clock menu more-arrow no yes mobile

Filed under:

How radical gardeners took back New York City

Seed bombs, the “tree lady of Brooklyn,” and the roots of urban gardening.

In the 1960s and 1970s, New York City faced a sharp economic decline and white flight. Buildings were abandoned or burned down, particularly in the city’s lower-income neighborhoods. Communities faced mass disinvestment — and what was left was urban decay.

It was around this time that Hattie Carthan, a 64-year-old woman living in Bedford-Stuyvesant, Brooklyn, began a grassroots effort to transform that urban decay into green space. What started with four newly planted trees in her neighborhood turned into 1,500.

Along with guerrilla gardening efforts popularized by the “seed bombs” of Lower East Side gardener Liz Christy, Hattie’s urban environmental movement paved the way for the city’s support for community gardens.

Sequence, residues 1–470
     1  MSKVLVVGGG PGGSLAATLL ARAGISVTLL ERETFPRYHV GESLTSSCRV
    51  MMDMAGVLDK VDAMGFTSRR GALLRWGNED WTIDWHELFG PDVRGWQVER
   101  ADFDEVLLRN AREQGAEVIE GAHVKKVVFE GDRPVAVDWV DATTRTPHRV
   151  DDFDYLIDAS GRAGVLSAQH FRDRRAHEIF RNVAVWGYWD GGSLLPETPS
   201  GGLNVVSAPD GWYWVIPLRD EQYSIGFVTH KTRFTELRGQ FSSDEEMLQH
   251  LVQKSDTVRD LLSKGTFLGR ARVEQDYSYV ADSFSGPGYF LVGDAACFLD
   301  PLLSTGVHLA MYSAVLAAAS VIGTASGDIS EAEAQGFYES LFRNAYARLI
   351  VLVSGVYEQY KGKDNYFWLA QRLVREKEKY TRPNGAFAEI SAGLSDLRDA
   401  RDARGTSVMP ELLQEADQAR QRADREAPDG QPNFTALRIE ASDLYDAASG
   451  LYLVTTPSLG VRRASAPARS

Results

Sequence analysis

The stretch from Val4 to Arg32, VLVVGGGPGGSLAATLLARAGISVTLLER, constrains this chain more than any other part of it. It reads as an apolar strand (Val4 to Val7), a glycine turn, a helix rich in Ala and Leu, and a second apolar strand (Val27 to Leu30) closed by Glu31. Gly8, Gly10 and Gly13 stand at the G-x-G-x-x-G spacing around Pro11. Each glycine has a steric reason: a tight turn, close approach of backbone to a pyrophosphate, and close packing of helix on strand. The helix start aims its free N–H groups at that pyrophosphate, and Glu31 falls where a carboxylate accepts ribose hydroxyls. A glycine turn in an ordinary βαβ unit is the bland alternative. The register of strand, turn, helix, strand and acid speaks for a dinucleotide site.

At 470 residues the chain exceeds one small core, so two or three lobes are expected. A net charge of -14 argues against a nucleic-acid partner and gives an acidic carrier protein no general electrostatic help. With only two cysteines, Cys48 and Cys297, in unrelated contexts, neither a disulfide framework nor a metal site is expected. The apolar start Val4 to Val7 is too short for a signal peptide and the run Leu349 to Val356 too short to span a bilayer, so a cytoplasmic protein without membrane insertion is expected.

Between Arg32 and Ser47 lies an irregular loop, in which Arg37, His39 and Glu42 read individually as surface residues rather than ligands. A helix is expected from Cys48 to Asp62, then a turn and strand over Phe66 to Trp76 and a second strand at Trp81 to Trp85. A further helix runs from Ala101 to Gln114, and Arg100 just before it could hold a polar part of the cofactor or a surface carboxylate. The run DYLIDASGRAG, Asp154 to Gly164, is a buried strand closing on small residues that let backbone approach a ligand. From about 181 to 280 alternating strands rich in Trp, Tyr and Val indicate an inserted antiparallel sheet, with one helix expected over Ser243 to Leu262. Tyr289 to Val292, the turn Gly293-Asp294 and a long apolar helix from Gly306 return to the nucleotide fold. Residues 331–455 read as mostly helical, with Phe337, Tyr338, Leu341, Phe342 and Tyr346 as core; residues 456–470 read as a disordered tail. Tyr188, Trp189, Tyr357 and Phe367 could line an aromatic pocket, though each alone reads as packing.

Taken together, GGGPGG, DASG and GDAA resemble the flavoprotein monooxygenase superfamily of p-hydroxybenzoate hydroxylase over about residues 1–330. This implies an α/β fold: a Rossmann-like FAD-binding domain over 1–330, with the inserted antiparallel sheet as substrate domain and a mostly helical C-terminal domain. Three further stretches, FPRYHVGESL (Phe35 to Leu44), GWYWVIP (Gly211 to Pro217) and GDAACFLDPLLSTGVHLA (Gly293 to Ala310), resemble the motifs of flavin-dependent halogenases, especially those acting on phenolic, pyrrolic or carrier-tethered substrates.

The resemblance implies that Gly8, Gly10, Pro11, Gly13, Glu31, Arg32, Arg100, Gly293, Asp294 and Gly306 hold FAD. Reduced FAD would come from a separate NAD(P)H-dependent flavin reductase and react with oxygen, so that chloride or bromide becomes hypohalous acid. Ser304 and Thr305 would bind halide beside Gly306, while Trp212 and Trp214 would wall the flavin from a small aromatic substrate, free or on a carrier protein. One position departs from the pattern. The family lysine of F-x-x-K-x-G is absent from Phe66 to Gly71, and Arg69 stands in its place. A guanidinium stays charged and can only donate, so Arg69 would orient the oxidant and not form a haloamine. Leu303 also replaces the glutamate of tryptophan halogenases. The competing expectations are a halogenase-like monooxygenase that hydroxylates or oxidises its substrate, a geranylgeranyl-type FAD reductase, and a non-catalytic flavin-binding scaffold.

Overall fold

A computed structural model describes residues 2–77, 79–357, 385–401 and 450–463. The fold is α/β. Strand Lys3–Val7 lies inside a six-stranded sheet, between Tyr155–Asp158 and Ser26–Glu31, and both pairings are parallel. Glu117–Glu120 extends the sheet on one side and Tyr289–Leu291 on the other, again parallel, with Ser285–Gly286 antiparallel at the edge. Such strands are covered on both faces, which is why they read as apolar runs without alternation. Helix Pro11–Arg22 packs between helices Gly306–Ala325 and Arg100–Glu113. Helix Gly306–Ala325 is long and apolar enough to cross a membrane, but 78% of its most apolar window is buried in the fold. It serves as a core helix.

Today, around 500 community gardens line streets across New York City. But the history of how we got them — through the radical work of people like Hattie and Liz — is often overlooked. Check out the video above to learn more about their stories and how they ultimately transformed the landscape of New York City.

Today, their legacy lives on through the Hattie Carthan Community Garden and Farmers Market, the Liz Christy Community Garden, the Green Guerillas’ ongoing work, and many other urban gardens — including the South Bronx casitas — that are still thriving today.

This is the fifth and final installment in season two of Missing Chapter, where we revisit underreported and often overlooked moments of the past to give context to the present. Our first season covers stories of racial injustice, identity, and erasure. If you have an idea for a topic we should investigate in the series, send it via this form.

You can find this video and all of Vox’s videos on YouTube.

Sign up for the newsletter Sign up for Vox Recommends

Get curated picks of the best Vox journalism to read, watch, and listen to every week, from our editors.